Marty’s Party leaves a trail of toilet paper and smiles

Marty’s Party leaves a trail of toilet paper and smiles

Regional Arts WA

When Marty Putz first brought a sample of his show to the Country Arts WA office for our Behind the Scenes event, he was a little unsure. This was supposed to be a show for families, an audience full of adults could be a tough crowd. However, his reservations were unwarranted – by the end of his performance the entire audience was in stitches.

Marty’s Party, which toured regional WA from February to the end of March, presented by Country Arts WA and Act-Belong-Commit as part of Shows on the Go, got the same feedback from every town it rolled into; adults and kids alike loved it.

Marty Putz shoots his toilet paper cannon into an audience of more than 500 for his Donnybrook show.

“It was funny and was a great way to get kids active. My throat hurts a lot from screaming so much,” writes one young audience member from Southern Cross.

“Marty’s Party was a high energy show tonight, everyone loved it and all ages can get something from it. Pretty special. Thanks for entertaining us all,” offers a Bencubbin attendee.

“Wow! That was awesome! Please come to Tom Price again,” the Taylor family petitions.

“It made me happy,” writes Kalgoorlie commenter “Cooper”, next to a very wide smiley face.

A local Paraburdoo dad rocks out on Marty’s stage.

Marty’s riotous show drew the same stellar reception from small, intimate community shows as it did from the packed-out Donnybrook performance, which drew in a crowd of more than 500 people, filling the town’s amphitheatre with laughter.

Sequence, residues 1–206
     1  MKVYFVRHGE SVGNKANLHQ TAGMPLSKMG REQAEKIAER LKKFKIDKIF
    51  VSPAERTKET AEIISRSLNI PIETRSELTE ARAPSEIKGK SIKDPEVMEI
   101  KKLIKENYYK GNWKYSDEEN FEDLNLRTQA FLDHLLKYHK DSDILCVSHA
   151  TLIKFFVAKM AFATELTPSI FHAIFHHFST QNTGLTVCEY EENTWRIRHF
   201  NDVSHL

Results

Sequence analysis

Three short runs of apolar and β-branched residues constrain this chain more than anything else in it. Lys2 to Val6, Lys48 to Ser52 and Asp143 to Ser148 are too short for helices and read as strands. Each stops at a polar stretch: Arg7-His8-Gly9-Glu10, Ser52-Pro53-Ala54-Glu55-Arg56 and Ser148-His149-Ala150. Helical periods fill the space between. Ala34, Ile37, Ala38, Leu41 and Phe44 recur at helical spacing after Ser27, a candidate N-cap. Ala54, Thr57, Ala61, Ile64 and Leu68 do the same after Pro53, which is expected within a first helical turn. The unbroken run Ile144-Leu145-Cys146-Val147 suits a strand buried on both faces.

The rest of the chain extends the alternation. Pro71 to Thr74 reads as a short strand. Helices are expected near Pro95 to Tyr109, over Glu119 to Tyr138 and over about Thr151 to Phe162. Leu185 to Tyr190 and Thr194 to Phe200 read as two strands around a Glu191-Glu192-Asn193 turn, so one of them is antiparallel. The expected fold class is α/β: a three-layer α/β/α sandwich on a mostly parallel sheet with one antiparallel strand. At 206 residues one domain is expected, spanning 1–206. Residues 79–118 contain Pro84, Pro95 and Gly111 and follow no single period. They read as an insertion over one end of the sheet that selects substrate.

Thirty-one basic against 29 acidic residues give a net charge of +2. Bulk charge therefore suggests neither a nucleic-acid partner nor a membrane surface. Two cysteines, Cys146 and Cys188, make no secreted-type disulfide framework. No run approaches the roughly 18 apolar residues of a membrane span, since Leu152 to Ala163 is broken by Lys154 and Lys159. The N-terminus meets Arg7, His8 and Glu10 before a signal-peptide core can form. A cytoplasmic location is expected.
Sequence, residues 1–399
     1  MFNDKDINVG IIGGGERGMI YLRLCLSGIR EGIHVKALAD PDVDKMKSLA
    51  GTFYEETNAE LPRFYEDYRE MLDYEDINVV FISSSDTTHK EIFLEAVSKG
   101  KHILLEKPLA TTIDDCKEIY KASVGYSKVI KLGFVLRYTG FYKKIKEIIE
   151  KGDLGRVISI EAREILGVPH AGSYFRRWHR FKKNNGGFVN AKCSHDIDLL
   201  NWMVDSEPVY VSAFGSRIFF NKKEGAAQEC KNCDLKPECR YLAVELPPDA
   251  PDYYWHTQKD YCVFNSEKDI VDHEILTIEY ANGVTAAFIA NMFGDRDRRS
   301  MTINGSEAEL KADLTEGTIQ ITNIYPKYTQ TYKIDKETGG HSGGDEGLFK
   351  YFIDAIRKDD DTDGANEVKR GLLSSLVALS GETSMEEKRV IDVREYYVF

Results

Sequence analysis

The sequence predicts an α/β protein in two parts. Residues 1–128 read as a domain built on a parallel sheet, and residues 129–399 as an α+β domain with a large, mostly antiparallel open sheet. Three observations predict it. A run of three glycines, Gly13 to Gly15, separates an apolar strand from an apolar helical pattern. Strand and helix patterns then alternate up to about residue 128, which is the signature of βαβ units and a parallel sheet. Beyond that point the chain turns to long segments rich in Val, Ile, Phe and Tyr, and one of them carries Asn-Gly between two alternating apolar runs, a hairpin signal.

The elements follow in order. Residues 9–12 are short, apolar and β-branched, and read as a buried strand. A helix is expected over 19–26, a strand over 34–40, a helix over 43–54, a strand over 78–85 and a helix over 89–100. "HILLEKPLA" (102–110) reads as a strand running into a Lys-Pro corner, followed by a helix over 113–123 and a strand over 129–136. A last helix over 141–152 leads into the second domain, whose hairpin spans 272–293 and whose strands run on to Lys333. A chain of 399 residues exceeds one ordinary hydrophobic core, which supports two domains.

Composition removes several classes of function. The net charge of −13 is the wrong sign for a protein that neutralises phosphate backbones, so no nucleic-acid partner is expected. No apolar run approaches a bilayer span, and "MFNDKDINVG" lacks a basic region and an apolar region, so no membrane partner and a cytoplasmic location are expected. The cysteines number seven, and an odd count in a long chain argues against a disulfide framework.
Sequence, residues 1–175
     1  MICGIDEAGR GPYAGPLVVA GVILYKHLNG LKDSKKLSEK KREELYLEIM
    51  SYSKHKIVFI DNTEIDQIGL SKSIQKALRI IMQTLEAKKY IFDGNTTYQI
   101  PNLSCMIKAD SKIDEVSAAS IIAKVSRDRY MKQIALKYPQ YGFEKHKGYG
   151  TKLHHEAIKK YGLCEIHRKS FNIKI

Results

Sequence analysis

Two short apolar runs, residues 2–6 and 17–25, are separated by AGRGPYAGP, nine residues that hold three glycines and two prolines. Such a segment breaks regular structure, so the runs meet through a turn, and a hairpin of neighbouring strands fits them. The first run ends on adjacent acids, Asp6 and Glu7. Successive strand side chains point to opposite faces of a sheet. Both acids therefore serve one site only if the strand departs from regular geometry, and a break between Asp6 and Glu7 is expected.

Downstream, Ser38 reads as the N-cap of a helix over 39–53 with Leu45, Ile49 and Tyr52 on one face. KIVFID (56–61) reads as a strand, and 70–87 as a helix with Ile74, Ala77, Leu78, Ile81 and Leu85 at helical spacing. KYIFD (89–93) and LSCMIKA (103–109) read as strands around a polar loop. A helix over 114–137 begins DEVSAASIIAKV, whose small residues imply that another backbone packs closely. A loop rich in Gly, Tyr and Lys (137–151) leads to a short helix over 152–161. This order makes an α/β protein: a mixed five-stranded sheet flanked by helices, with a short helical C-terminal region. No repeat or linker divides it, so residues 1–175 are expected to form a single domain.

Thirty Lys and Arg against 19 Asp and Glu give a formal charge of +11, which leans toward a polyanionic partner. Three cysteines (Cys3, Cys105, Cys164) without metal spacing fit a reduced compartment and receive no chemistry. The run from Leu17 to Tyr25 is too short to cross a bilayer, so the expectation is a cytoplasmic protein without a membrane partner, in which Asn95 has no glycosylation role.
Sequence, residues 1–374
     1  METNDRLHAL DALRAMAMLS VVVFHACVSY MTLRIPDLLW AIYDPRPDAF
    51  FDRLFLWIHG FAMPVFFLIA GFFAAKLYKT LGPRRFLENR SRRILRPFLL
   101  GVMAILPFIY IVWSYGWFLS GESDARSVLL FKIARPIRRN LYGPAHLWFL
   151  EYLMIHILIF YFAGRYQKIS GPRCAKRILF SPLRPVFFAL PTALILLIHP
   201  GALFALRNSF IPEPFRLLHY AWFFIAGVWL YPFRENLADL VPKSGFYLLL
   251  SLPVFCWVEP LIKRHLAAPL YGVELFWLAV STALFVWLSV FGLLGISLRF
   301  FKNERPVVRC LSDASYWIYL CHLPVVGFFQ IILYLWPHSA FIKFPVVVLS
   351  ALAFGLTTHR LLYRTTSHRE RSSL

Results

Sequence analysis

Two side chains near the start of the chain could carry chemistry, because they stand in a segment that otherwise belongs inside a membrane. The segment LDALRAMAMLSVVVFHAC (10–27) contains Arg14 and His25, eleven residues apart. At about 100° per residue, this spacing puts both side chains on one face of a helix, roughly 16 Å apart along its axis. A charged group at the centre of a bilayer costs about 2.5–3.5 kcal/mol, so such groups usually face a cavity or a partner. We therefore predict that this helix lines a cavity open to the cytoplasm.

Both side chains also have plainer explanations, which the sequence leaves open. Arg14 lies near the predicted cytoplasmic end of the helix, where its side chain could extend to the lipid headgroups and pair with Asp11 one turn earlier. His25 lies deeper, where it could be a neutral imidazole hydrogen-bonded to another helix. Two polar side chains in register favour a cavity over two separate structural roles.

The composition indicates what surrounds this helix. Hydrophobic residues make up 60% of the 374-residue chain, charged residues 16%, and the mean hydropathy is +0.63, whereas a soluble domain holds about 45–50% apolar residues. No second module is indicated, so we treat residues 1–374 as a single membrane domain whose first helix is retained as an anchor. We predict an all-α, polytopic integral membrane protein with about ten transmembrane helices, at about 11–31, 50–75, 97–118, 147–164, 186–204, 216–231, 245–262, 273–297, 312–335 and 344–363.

No one was safe from the pull of Marty’s on-stage antics, with kids, dads and senior mine-managers alike all getting up on stage to show off their dancing skills, or whatever wild trick Marty had asked them to help out with.

The show was aimed at families, and so children often came with their parents – but with such great word of mouth spreading about the show we even had a performance where there were more adults than children, and of course they all still had a really great time.

Of all the feedback we got from the adults, I think the consensus was they were laughing just as much as the kids.

I know from my personal experience, when I went, I was laughing more than I have in a long time and other Country Arts WA staff said it made them feel like a kid again, being free to forget the stresses of everyday life.

The show also gave audiences an opportunity to harness that positivity and share it with others to promote mental health. Healthway’s Act-Belong-Commit pledge wall allowed locals to write down personalised pledges on how they would stay mentally healthy.

“Do more yoga”, “sing more”, “learn to listen” – all great ideas from the community, for the community.

The tour started heading out through Southern Cross and Kalgoorlie, all the way down through the Wheatbelt, back across to Donnybrook and then up the coast visiting towns all the way until it reached Broome.

The mammoth effort of planning 15 shows only started after the touring menu closed in September, leaving the team just five months to pull everything together before the tour hit the road. That first tour (of the year) is always a bit of a rush because you’ve got people going away for Christmas and the like, but we pulled it off as we always do.

On top of all that Marty had an amazing time, he kept sending me messages about how much of a great time he was having and all the adventures he was having in the towns he visited. He’s already asking how he can get back touring WA again.

If the feedback is anything to go by, I don’t think Marty’s audiences would have any problem with him touring the state for round two.

Some of the words audience’s had to say about Marty’s Party.

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